Grown-Up Wind Industry Presses its Case Ahead of COP21

Cost reduction and innovation among EWEA 2015 discussion topics

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As the world’s attention turns towards the landmark COP21 climate negotiations in Paris later this year, the wind industry is in a confident mood; global wind power installations are growing at the fastest pace ever.

A fundamental shift is underway as maturing technology and falling costs are ensuring that wind energy is becoming increasingly competitive with fossil fuels around the world and in many cases, the more economical option for investors.

As a result, wind energy is now the power source of choice for a diverse and growing set of blue-chip companies, ranging from tech giants such as Google and Apple, to automotive heavyweights including General Motors and Renault Nissan.

When Google announced as early as 2007 that the company was going carbon neutral, it included “invest in and use renewable energy sources” as one of its three basic strategies for cutting emissions. Since investing in its first wind farm in 2010, the company has built up a portfolio of three power purchase agreements (PPA) in Europe and nine in total across the world.

Some corporations, notably IKEA and LEGO, have directly invested in offsite wind farm ownership. LEGO has a commitment to source 100 percent renewable energy by 2020 and recently set an intermediate milestone goal of becoming carbon positive in 2016.

Cost reductions, power purchase agreements, corporate transitions and innovative technologies are just a few of the signs that wind energy has staked its claim as a dominant force in the global energy race.

These are all key issues that EWEA will look at when the association goes to Paris in November for its 2015 annual event.

EWEA will present an international platform for the wind energy industry in Paris to showcase and demonstrate the sector’s latest products and services. The event features a broad conference program, unrivaled networking opportunities and an extensive exhibition.

Malgosia Bartosik, acting CEO of EWEA, said: “Scaling up wind power is crucial to combating climate change. In 2015 the EWEA Annual Event will take place in Paris two weeks before world leaders meet to discuss climate negotiations at the UN Summit in the French Capital. Where better to show the strength of the wind industry!”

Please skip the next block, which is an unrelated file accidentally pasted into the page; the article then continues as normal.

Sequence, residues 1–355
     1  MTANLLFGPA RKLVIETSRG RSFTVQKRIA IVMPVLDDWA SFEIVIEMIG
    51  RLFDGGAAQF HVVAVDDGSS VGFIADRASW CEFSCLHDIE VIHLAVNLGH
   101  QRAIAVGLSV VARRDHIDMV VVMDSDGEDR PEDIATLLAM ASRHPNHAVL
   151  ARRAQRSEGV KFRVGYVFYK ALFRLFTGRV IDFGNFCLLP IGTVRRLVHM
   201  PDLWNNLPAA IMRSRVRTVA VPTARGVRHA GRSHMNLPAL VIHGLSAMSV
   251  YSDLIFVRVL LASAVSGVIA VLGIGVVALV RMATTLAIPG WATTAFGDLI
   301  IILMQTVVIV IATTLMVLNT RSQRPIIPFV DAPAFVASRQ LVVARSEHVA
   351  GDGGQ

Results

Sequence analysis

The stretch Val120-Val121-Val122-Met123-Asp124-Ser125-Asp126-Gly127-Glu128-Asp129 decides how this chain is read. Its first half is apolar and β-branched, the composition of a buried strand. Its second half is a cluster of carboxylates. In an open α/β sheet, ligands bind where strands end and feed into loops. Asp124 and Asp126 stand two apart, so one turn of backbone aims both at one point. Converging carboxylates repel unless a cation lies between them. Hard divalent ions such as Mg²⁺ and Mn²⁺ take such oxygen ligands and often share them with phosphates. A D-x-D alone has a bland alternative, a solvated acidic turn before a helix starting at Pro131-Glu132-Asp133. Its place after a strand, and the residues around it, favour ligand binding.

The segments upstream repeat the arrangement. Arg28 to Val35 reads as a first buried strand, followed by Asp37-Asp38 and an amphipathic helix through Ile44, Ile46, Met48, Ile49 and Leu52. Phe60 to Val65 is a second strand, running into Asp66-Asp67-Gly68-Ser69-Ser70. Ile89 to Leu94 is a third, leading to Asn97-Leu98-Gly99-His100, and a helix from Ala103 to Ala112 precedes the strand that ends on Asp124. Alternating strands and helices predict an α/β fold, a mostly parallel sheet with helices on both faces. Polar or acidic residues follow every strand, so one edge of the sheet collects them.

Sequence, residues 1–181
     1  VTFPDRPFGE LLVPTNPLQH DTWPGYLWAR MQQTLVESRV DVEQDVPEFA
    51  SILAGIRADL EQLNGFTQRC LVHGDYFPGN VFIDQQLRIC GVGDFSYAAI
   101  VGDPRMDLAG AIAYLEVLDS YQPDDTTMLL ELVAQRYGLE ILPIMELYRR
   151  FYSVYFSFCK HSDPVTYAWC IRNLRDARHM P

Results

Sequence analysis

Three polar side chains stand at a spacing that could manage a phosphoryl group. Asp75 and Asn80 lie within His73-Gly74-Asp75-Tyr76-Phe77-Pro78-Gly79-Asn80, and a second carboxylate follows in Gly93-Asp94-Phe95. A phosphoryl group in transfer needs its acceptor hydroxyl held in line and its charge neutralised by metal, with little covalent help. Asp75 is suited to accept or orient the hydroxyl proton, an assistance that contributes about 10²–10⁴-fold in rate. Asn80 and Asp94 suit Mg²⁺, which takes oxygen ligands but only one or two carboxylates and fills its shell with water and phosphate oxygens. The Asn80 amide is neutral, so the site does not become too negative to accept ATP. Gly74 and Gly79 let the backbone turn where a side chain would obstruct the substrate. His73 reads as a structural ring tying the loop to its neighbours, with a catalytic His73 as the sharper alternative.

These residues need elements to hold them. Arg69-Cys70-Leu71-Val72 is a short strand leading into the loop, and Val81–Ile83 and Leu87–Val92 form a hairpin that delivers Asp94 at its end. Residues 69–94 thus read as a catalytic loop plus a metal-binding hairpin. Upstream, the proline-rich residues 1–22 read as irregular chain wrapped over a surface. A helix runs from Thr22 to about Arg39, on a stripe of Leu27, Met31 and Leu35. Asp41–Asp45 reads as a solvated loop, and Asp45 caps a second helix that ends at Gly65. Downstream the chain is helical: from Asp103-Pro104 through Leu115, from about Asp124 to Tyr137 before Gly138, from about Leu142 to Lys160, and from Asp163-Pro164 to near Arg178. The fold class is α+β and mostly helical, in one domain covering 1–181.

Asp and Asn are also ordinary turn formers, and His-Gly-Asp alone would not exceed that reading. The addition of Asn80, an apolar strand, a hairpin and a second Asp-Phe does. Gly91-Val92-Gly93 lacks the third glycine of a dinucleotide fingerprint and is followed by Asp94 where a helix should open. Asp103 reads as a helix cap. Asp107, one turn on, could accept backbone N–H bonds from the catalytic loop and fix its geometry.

Numerous developments of significance in the European market are converging to make this year’s EWEA Annual Event the place to be for new business: European utilities are making a strategic shift towards renewables, the offshore market is booming with 26.4 GW of consented offshore projects in the pipeline, and the focus on efficiency and innovation is translating into new business opportunities for U.S. wind technology and maintenance companies.

On a global level, wind energy is seeing a surge in large markets outside of Europe. In 2014, wind energy was the largest power source in the US and Brazil, while China has ramped up its production steadily, accounting for over more than 40 percent of global installations last year.

GWEC reports that installed global wind power capacity had grown to 370 GW at the end of 2014, with annual installations exceeding 50 GW for the first time. This means that wind power capacity will soon overtake the world’s nuclear fleet.

The best wind projects around the world — for example in the Texas panhandle in the U.S. — are already consistently delivering electricity for $0.05 per kWh without outside financial support. This means onshore wind is easily within the same cost range, and often even lower, as that of fossil fuel generated electricity. When externalities such as the cost of air quality and climate change are factored in, wind in Europe is cheaper than gas, nuclear or coal generation.

Onshore wind is firmly established as one of the lowest-cost sources of electricity available. The global average levelized cost of energy [LCOE] has fallen by around 10 percent since 2010, while turbine prices have fallen by around 30 percent since 2009, with prices in China — the world’s biggest wind power market — having fallen by as much as 35 percent.

The wind sector will continue delivering for corporations, governments and citizens who want affordable, carbon-free and secure electricity supplies. Support from policymakers and large commercial end-users have increased growth opportunities but this also entails important responsibilities for the wind sector to help deliver renewable capacity and lead the way in tackling climate change.

For more information visit www.ewea.org/annual2015.  

— Source: EWEA